San Bruno fire, PG & E, and the fire of 1906

The devastating, tragic and unsettling fire in San Bruno (just south of San Francisco, for those not super intimately familiar with the Bay Area) last week led very swiftly to a regulatory agency demanding that good ole PG & E check all its pipes for safety, since a failed so-called safety valve apparently failed and therefore looks to have caused the explosion of the gas main which then created the fire that destroyed 37 homes and took four lives.

PG&E’s acceptance of responsibility for the fire and its destruction is at least a halfway decent start. (But tell that to those who lost EVERYTHING.) A decent start this time around for a company almost literally born of fire. A quick trip in the wayback machine takes us to the birth of Pacific Gas & Electric in 1906.
1906?

Wasn’t that the year of the…

The Great San Francisco Earthquake of 1906

Most of us know that the quake itself was not what destroyed the city of San Francisco. Fires resulting from it are what razed the city.

Fires that resulted from broken gas mains. But there’s more that most of us generally DON’T know:

…the gas mains that broke, causing the fires in many places throughout the city were there to provide electric lighting.

…those gas mains were there because the SF Board of Supervisors had approved the proposals of PG&E because they — and the mayor — had received tens of thou$ands of dollars in bribes to do so.


An initial investigation from the spring of 1906 concluded in April, 1907 with grand jury indictments of the mayor, the entire board of supervisors, for taking bribes from, among others, PG&E, via its attorney Abraham “Boss” Ruef. Ruef appears to have been the center of a rampant graft environment at the time, and gave money to the board of supervisors and mayor on behalf of PG&E and others, for instance, to secure contracts, to fix rates for newly laid gas lines, and more. Of the more than 20 people indicted only Ruef served any time, as the state supreme court overturned the mayor’s conviction and charges were dismissed against all others. It’s generally agreed by historians of the situation that this was due to power wielded by the Southern Pacific Railway (ie, a certain Leland Stanford, one mister George Hearst…and their representatives and minions). Admittedly Ruef was the central player of the rampant graft defining city politics at that time.

So, to sum up: PG&E was born in 1906 as a merger of companies just recently acquired and merged by players of the Southern Pacific and old skool political machine designed to offer domination of the lucrative SF market to constituent parties. They laid their lines (thanks to bribery), they fixed their rates (thanks to bribery) and when the quake hit, the new lines burned 20,000 blocks of the city down. Lovely! A year later, following the investigation, the board of supervisors, mayor et al, were thrown out on their asses and a new day dawned.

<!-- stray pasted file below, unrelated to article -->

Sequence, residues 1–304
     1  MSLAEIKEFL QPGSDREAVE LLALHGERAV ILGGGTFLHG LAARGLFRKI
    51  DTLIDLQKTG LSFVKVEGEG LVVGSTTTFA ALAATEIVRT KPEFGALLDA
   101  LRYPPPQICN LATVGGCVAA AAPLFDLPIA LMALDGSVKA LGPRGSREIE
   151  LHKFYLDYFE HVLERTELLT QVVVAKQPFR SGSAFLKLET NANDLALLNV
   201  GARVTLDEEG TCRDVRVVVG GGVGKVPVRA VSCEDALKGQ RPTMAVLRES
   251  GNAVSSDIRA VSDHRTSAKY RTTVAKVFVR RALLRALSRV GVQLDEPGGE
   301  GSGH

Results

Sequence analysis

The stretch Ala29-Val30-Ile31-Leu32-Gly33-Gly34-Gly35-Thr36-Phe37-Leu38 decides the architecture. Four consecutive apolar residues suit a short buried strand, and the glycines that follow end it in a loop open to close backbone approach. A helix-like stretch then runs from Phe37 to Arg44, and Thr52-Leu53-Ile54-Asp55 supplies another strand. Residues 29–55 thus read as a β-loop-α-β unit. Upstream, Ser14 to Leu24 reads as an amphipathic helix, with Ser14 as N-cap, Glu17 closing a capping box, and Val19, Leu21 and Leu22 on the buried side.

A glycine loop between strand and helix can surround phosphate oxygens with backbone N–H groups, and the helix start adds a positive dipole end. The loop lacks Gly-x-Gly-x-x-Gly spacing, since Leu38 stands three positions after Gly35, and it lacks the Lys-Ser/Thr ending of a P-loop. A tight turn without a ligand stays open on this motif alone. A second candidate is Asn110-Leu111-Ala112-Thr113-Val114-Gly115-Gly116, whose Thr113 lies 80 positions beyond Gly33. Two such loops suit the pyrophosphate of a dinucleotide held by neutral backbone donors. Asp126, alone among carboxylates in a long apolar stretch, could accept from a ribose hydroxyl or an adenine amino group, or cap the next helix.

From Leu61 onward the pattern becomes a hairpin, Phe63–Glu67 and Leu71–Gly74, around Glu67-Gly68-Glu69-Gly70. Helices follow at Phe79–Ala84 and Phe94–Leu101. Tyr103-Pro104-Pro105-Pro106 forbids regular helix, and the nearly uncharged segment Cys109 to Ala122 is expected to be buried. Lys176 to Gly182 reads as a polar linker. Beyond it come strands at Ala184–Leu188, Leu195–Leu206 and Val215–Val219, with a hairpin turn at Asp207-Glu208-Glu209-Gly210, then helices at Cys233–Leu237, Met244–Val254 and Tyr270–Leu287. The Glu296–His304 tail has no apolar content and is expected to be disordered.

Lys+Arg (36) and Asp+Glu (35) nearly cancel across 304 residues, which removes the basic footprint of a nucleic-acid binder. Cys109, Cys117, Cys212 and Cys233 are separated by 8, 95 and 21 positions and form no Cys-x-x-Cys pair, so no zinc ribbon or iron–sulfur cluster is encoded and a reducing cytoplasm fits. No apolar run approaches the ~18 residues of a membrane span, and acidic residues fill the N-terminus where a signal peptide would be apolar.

History is fascinating…and positively bursting over with lessons such as this one, even from the very recent past!

Fast forward 104 years.

It looks like PG&E might not be keeping up on the safety of its 1000s of miles of gas lines that traverse the entire Bay Area. The Bay Area, as if reminder is needed, exists as it does because of two fault lines, the San Andreas and the Hayward. Those of us in the Bay are pretty well aware that the Hayward — that’s the one that runs up and down the length of the East Bay — is due to snap within the very near and foreseeable future. I’ll be clearer: within the next several years it is 75% assured that there will be a major, cataclysmic earthquake emanating from an epicenter in the East Bay.

The journalistically admirable San Jose Mercury News ran a cover story a few days ago with excellent Web features focused on PG&E’s feeder lines in the Bay. It might be instructive to mash up their map with one of the Hayward fault. Hmmmm? Looks like the feeder lines cross the fault at two places: Richmond in the north and Fremont in the south. And that’s just the feeder lines, not counting all the myriad lines which branch off to the neighborhoods.

All I’m sayin is this: if history is any measure, PG&E had better hop to on checking the lines, and with some third party oversight. Oh! And look: one of their feeder lines that led directly to the one that exploded last week below San Bruno literally lays on top of the San Andreas for oh, 14 miles. Heyyyy, but who’s counting, right?!?!?!

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next time:

my kids are cool…me? not so much lol

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